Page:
Garak has no doubt that if he really put his mind to it, he could drive the doctor away. Bashir’s tenacity is no match for an operative of the Obsidian Order, even one as out of practice as he is, and the resulting distance would allow him to regain some measure of objectivity. Garak is not in the habit for repeating his mistakes, and this is no exception. The Dominion won’t slip by his notice again.

He would miss the weekly lunches, the electric sizzle of a truly satisfying argument, but what are one tired Cardassian’s attempts at contentment compared to what he could accomplish with the full use of his faculties?

And yet. Exile has been so long and so cold. Bashir’s eyes are soft, practically begging Garak to let him help, and it’s so tempting to give in.

Tain would be disgusted if he knew that Garak’s even considering it. That his protege, his son, could be swayed by sentiment. The State above all, the good of the whole first and foremost. That’s the proper order of things.

Well, Tain’s dead. He wouldn’t believe it if he hadn’t seen it with his own eyes. And Cardassia -- well. Cardassia is surely soon to follow if the Dominion has anything to say about it. What use has that state for an aging spy with a lifetime of failures?

He raises a hand to trace the line of Bashir’s jaw, smooth where Garak is used to scales. Bashir’s eyebrows raise in surprise at the sudden contact, but his expression settles almost immediately, far more quickly than Garak might have expected.

“Garak,” says Bashir. He’s breathing a little raggedly, and his pupils are dilated. “What are you--”

“Shh,” Garak murmurs, brushing the pad of his thumb across Bashir’s ridge-less cheek. This is unquestionably a weakness, and one he may very soon come to regret, but perhaps it’s time, even just for a moment, to step out of Tain’s shadow and feel the sun on his face.

Bashir’s mouth is soft and yielding when Garak kisses him. He’s not naive enough to think that a single dalliance (or even a series of dalliances -- he can tell even now that this will be impossible to give up now that he has it) will change anything, but oh, oh, Bashir presses in close, wrapping his arms around Garak’s waist, and for this one moment, everything finally feels warm.

There’s a saying on Cardassia: Let the crime fit the punishment. When Bashir tugs him toward the bedroom, Garak goes without protest. If this road should lead to hell, as it almost certainly will, then let him be damned.


Humans, it seems, become endearingly drowsy after coupling.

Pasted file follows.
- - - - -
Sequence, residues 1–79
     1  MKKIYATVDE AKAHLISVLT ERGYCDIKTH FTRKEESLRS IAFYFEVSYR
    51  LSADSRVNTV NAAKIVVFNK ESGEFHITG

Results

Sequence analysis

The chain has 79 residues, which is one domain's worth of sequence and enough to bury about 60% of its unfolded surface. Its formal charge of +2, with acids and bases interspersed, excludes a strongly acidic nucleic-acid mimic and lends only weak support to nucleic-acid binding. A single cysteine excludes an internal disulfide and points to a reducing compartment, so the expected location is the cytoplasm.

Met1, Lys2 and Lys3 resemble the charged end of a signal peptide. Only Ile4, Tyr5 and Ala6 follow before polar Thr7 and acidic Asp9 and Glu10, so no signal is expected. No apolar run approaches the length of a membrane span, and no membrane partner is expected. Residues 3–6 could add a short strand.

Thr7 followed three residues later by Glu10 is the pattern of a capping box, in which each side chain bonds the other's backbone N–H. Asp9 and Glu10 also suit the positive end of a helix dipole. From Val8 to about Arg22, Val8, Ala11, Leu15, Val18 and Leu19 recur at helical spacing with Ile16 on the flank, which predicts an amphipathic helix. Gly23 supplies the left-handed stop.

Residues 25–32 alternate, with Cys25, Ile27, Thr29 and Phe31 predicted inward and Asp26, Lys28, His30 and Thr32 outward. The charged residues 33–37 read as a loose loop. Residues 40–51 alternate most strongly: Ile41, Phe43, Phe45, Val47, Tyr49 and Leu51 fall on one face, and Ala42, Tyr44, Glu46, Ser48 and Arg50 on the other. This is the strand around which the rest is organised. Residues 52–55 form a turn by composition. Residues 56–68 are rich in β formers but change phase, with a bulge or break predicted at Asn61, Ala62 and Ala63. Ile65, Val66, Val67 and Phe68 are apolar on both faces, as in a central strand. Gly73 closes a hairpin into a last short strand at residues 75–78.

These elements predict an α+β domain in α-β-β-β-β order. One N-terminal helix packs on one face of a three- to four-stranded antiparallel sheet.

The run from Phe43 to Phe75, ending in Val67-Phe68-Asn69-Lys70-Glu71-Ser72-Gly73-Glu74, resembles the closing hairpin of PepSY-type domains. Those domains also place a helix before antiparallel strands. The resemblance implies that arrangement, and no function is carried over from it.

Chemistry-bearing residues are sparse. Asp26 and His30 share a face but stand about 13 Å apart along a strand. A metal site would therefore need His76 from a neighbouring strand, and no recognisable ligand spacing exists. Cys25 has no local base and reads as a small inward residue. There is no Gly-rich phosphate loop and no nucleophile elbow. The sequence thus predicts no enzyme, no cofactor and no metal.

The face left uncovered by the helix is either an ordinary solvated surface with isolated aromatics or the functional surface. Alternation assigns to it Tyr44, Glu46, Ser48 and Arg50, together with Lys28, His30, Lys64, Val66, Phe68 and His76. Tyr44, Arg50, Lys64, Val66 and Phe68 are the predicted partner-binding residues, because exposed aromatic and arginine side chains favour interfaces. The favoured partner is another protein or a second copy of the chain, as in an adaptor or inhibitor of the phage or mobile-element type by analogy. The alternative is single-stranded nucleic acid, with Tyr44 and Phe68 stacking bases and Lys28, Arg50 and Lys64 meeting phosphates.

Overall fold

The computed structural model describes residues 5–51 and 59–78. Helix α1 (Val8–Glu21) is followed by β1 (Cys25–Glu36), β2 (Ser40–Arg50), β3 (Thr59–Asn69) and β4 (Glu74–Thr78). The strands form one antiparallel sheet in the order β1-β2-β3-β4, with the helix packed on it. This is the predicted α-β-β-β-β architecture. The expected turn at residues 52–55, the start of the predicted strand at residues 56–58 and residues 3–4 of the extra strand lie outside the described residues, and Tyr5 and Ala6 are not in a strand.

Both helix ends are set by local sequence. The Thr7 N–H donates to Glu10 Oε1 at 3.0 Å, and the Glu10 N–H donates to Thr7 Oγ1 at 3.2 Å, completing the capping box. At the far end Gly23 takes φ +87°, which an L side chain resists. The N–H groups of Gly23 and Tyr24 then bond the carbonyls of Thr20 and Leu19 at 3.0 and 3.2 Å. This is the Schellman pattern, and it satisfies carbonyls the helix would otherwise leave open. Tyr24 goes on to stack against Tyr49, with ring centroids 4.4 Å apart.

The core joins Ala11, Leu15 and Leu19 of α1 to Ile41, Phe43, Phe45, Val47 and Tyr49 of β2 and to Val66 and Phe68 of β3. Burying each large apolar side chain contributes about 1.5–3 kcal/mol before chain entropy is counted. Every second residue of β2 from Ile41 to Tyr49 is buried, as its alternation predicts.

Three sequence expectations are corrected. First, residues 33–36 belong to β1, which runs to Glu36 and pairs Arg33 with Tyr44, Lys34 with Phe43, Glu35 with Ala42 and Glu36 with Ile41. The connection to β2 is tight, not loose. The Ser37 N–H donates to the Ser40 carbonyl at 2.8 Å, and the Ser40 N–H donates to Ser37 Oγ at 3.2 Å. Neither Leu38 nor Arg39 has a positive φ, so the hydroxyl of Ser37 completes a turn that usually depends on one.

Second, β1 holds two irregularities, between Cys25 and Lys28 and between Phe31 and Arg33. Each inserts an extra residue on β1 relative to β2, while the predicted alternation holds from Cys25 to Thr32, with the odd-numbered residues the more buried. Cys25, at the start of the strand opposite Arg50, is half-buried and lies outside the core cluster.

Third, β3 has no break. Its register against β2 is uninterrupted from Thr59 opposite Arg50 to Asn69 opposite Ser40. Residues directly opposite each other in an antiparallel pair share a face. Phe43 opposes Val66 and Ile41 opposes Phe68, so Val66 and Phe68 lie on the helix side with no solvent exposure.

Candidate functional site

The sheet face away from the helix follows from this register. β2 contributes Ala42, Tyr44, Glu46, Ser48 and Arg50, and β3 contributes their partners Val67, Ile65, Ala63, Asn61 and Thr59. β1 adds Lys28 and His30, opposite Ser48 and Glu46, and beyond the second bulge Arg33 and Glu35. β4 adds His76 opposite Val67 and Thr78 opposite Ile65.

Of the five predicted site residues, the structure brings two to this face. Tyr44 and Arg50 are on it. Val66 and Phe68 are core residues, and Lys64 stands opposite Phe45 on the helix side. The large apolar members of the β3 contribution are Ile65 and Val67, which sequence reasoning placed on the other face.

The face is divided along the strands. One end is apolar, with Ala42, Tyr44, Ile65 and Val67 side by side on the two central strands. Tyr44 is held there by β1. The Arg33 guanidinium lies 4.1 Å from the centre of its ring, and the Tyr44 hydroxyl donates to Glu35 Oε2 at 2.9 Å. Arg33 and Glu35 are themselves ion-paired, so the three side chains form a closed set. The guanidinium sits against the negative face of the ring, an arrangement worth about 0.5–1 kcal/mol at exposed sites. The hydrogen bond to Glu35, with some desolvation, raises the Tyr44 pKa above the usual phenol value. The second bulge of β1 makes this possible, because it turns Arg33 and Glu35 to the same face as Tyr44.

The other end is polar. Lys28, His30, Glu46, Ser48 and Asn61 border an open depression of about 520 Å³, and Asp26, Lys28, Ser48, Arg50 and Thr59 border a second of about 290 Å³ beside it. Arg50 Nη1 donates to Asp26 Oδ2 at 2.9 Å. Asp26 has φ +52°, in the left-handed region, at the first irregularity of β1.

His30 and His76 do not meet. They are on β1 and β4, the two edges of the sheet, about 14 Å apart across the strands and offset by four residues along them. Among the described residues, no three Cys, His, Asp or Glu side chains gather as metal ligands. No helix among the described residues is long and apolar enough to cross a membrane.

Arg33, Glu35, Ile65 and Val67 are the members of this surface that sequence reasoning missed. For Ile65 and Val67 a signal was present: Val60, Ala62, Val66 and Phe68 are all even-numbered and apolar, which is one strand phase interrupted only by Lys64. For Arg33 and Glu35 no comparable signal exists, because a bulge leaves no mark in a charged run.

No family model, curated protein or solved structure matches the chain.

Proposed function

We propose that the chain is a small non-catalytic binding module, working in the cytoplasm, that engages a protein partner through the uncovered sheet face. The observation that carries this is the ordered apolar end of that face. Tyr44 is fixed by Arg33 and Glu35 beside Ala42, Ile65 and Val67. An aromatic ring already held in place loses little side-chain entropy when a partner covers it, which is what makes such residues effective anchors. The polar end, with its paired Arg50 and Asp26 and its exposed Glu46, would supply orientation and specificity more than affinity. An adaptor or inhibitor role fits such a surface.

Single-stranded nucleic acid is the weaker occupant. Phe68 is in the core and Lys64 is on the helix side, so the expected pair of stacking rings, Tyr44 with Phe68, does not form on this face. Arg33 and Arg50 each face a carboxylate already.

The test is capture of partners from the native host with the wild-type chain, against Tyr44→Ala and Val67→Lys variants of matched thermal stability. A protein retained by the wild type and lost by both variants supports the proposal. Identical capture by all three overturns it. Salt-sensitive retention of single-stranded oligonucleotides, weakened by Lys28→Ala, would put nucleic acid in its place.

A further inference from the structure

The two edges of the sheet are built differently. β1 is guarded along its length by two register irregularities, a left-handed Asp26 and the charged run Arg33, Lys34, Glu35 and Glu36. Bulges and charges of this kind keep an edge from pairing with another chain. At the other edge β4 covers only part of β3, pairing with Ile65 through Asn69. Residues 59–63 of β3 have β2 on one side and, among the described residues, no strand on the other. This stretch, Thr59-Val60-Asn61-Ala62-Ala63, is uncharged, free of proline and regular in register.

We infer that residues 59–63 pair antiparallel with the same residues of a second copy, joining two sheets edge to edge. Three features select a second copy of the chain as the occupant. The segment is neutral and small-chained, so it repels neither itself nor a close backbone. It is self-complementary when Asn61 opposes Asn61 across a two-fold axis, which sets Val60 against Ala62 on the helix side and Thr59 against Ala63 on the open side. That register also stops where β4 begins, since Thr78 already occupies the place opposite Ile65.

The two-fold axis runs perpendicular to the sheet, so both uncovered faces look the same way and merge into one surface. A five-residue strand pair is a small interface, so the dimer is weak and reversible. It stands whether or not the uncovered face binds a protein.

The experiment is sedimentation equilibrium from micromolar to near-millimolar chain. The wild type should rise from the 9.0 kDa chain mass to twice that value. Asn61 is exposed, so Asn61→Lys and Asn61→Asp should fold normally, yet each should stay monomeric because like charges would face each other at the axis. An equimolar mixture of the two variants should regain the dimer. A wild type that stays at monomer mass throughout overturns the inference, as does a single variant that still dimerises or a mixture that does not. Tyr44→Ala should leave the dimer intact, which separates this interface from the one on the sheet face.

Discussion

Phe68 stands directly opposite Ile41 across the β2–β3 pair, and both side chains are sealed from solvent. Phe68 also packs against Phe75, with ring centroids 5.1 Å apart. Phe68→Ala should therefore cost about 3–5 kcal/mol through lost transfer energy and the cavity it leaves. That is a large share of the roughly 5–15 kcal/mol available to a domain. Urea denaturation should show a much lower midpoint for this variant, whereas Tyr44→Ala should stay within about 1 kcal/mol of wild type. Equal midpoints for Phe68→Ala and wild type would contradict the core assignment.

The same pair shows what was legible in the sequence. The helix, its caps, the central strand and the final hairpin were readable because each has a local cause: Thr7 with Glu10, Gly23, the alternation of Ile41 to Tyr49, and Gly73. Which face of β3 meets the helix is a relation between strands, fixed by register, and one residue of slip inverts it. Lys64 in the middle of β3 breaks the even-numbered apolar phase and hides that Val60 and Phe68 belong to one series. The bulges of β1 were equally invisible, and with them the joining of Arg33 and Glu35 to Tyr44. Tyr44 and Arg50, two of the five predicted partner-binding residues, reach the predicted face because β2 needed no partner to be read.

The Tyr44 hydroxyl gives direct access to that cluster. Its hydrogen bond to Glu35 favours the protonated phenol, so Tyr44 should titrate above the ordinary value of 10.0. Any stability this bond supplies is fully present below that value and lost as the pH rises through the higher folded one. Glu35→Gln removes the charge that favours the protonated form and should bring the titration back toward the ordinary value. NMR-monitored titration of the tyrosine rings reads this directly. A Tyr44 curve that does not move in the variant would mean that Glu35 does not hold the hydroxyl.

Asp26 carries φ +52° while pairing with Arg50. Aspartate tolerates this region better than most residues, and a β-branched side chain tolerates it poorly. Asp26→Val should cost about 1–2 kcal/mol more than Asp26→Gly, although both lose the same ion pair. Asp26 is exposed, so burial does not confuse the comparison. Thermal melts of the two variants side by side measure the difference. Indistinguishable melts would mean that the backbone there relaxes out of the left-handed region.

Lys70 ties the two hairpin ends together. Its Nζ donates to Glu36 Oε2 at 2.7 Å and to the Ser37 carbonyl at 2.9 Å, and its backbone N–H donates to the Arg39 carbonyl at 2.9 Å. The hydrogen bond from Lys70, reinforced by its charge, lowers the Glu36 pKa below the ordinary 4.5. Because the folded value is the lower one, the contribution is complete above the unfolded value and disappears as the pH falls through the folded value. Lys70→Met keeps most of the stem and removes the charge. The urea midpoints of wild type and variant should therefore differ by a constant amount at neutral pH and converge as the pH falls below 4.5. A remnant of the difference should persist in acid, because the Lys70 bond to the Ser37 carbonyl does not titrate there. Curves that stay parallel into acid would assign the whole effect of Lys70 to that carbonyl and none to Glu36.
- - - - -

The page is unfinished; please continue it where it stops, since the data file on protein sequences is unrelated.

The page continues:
“It’s to do with a hormone that’s produced in human males,” explains Bashir around a yawn. He curls up next to Garak with his head pillowed on Garak’s shoulder.

“How odd,” Garak remarks. “And how easily exploitable.”

Bashir hums noncommittally and closes his eyes.

How odd indeed. A Cardassian would never allow himself such an opening for attack. It would be so easy, Garak can’t help thinking, to take advantage of this moment. If you’re going to be foolishly sentimental, whispers Tain’s voice in his ear, then use it. Every situation presents an opportunity. What secrets he could tease out of the doctor now with the judicious application of pressure here and here....

There’s a faint, pleased smile on Bashir’s mouth, and his forehead is smooth and relaxed. Garak gazes down at him, feeling immeasurably fond, and chases Tain’s voice out of his head.

“Stop that,” Bashir says. He rolls away just enough to stretch, his eyes still closed.

“Stop what?” says Garak, unable to look away from the fascinating interplay of shifting muscles beneath Bashir’s thin skin.

“Thinking so loudly.” Bashir open his eyes and grins, then tilts his chin up for a kiss.

He’d thought Bashir so unable to resist to his advances, but as Garak is drawn inexorably to Bashir’s mouth for a slow, lazy kiss, he wonders which of them is truly helpless.

He slides a hand around Bashir’s back to draw him close, and once again, they’re skin to gloriously warm skin. Were Garak a younger man, it might have led to a repeat performance, but as it is, he’s content to lie here in this moment. The chill that has been his constant companion since he first set foot on Terok Nor is but a distant memory.

It’s dangerous, Garak knows, to be this happy. But right now, he simply cannot bring himself to care.

Eventually, Bashir breaks from his mouth, presses a soft kiss to the ridge above Garak’s left eye, and leans back enough to study Garak’s face. “You know,” he says, “I am aware that this --” he makes an all-encompassing gesture with one hand -- “was an attempt to change the subject.”

And quite a successful one, judging by Bashir’s breathless voice, the state of his hair, the sucking bruise just beneath his collarbone, his pink, kiss-swollen lips. “Oh?” says Garak, quirking an eye ridge.

“Yes,” says Bashir definitively. He pushes down on Garak’s shoulder with gentle pressure until Garak is flat on his back and then rolls half on top of him and looks down with a mixture of concern and undisguised affection. “I’m willing to delay the conversation, not drop it entirely. You still ought to talk to someone. You could make an appointment with Lt. Villanueva.”

Garak gives the suggestion the skeptical look it deserves and Bashir laughs.

“Alright, then you could talk to me.”

The corner of Garak’s mouth curls up playfully. “I thought I was talking to you.”

Bashir swats at his arm. “You know what I mean.”

“I suppose I do,” Garak says.

They fall silent. Garak doesn’t say anything at all for a long time, and Bashir slides down to rest his head on Garak’s chest, his fingers tracing patterns along the scales on Garak’s stomach.

Surely no Dominion operative could fool him at so close a range. It’s an excuse, Garak knows, and not a very good one. It certainly doesn’t absolve his earlier transgressions.

He’d meant what he’d told Bashir in the internment camp, about sentiment being the greatest weakness. It’s a lesson he’s learned a hundred times, one that he keeps stubbornly disregarding. Perhaps he’ll learn it yet again soon.

“Did I ever tell you how I came to join the Obsidian Order?” Garak says finally.

Bashir goes very still, like Garak is a regnar he doesn’t want to spook. “No, I don’t believe you have.”

Garak smiles. “When I was a boy -- perhaps twelve or thirteen….”

He tells the story. It’s a complete work of fiction of course -- the broad strokes are there, but old habits die hard, and the details aren’t important anyway. Perhaps it’s not the real story, but it’s true enough.

It’ll have to do.